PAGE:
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Missed opportunities highlighted in published report

A report by the Devon Safeguarding Children Partnership into the historical sexual abuse of a young girl identified missed opportunities by agencies that may have prevented the extent of her abuse.

The report traces the experience of a young girl, identified as ‘N’, who lived with her parents and elder sister.

Aged 19, N disclosed to her mental health worker that she had been sexually abused between the ages of 10 and 16 by a man 10 years her senior. That man has since been convicted of multiple offences against her and has received a lengthy custodial sentence.

As a child, N was known to a number of different agencies including health, mental health, police and children’s social care.

But the report found that her sexual abuse, which began more than a decade ago, was not identified or responded to, even when her abuser openly declared their sexual relationship.

It states that as a result of her abuse, N has suffered significant and ongoing mental health problems including previous attempts at self-harm.

The report says that at the time there were failures by the agencies to recognise indicators of neglect, physical abuse, sexual abuse and exploitation; that there was a failure to appreciate adolescent risk in the context of neglect; that multiple changes of staff at the agencies prevented N from disclosing her abuse at an earlier age; that staff were not ‘hearing’ disclosure; and that there was poor information sharing and working together in the context of complex and multiple risks.

But the report acknowledges that since that time much has been done across Devon to improve safeguarding of children, with particular attention to neglect and sexual abuse.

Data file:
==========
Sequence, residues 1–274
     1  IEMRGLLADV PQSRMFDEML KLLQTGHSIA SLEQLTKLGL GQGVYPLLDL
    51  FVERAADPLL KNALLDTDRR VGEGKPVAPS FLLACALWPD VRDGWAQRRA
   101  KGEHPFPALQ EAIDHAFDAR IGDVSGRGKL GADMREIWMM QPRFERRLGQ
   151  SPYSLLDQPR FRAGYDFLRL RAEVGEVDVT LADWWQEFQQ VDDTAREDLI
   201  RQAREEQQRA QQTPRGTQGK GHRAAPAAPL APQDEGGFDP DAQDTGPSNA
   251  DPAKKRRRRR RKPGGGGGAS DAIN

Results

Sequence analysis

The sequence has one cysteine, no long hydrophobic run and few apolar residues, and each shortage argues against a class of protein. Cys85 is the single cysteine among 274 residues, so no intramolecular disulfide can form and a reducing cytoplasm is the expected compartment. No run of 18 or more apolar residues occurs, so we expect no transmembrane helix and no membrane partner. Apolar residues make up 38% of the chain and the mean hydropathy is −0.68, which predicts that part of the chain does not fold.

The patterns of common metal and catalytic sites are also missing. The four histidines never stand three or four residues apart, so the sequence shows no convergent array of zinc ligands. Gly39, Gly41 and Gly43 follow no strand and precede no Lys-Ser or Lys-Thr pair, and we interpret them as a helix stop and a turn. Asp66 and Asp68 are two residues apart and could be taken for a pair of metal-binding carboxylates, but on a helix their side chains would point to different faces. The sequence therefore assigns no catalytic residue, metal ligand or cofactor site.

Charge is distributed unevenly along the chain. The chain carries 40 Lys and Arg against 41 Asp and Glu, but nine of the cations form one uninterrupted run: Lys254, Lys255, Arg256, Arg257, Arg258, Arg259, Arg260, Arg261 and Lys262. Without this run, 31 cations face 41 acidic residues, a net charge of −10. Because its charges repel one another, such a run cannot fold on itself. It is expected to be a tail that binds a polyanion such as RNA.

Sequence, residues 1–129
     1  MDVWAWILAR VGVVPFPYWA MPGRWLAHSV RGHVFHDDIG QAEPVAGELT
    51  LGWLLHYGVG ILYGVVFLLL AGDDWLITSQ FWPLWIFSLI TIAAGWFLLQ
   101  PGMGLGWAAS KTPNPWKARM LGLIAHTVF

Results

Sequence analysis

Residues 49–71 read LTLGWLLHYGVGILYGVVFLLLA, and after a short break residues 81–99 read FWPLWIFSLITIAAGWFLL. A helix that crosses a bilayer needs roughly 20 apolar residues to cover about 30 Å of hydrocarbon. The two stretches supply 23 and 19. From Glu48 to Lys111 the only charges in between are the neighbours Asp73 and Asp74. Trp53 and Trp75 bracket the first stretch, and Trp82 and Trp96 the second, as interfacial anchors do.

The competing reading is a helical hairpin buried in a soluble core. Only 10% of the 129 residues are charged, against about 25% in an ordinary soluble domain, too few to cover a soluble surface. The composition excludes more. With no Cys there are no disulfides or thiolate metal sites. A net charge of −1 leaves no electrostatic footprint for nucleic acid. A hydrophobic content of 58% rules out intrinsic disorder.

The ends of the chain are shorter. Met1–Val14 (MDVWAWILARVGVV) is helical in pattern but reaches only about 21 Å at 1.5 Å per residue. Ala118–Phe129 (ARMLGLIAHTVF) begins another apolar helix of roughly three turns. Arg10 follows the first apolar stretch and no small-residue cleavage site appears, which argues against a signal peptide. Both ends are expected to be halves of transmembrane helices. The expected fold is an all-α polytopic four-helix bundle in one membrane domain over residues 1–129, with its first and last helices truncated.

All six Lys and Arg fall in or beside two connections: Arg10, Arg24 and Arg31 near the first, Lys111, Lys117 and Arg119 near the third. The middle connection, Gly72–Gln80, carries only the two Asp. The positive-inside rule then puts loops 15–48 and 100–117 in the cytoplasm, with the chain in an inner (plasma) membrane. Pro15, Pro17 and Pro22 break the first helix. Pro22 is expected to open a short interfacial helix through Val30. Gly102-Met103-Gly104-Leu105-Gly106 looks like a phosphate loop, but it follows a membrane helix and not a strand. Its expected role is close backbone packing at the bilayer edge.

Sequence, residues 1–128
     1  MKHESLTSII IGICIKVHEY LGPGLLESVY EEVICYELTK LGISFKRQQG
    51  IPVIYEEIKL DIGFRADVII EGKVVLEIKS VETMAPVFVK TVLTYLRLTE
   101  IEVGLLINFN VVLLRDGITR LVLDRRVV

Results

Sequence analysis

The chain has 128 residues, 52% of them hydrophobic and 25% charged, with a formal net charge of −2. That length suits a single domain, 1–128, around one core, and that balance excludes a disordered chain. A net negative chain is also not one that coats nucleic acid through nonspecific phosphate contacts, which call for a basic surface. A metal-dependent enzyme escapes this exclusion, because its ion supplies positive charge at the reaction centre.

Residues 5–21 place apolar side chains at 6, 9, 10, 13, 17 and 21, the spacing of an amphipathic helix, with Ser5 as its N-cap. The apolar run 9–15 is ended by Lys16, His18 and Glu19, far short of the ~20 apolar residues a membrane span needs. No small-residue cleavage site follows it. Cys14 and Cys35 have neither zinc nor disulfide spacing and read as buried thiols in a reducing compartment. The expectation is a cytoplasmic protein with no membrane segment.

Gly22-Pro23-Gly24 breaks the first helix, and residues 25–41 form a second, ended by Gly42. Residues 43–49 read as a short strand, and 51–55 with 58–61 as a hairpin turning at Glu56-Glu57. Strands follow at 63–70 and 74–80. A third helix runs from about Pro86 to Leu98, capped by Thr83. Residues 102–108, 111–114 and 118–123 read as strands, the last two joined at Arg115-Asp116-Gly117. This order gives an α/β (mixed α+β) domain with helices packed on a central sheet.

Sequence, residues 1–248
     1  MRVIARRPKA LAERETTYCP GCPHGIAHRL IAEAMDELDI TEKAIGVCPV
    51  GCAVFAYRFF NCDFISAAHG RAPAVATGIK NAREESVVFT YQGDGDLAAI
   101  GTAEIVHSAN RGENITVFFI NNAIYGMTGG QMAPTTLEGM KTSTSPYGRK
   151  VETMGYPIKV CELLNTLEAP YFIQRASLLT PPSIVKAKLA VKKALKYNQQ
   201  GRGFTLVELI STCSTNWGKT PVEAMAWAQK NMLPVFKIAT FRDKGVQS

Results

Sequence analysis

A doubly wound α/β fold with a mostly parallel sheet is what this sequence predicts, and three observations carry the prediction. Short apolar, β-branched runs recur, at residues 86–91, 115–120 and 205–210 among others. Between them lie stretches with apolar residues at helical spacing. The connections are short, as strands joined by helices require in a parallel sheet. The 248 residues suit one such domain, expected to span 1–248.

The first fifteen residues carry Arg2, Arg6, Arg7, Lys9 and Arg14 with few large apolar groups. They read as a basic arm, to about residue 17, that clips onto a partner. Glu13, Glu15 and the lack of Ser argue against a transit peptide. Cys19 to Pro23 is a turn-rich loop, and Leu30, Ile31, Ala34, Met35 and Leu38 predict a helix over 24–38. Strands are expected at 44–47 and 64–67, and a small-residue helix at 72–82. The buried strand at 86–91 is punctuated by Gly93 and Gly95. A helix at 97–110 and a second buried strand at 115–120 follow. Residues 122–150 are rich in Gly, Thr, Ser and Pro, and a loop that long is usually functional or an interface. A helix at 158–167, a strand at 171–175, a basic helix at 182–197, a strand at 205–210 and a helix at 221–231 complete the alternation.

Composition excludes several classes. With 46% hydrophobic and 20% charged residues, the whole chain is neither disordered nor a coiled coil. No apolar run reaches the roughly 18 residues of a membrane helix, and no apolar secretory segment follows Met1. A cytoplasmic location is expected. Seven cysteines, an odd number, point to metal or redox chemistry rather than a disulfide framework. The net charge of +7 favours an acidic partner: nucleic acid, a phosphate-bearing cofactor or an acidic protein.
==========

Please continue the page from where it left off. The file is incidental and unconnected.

It says that the independent inquiry in 2014 into Child sexual Exploitation in Rotherham led agencies across the UK to focus much more on detection and management of CSE. In Devon, the report says, that inquiry led to ‘considerable improvements since the time when N suffered her abuse – in both knowledge about CSE and how to disrupt the perpetrator’s activities in order to protect the victim.’

It says that the Devon Safeguarding Children Partnership, which includes Police, health and children’s social care, now have a well-established CSE subgroup, and that its partners have made significant improvements to practice over the last two years. Policies have improved, staff are well trained, and there are multiple independent organisations in the county that provide targeted support and advice for young victims of exploitation and abuse.

Jo Olsson, who chairs the Devon Safeguarding Children Partnership, said:

“This is a tragic case of a young person who suffered sexual abuse as a child at the hands of an abuser who groomed her and her family. At the time, the agencies missed opportunities to pick up on the abuse and to intervene to prevent it. Agencies did not have then the same focus on child sexual exploitation and abuse as they do now.

“The learning from this case will serve as a reminder to all agencies of our shared safeguarding obligations and for the need for practitioners to be alive to situations that could lead to disclosure.

“Today, Devon is better placed to recognise child sexual exploitation and abuse, with policies and sharing of information across partner agencies, and staff who are expertly trained.

“But this alone does not prevent abusers from exploiting the vulnerable, and all agencies should continue to work ever more closely to improve their practice.”

This article was first published on the Devon County Council News Centre, 12 April 2019.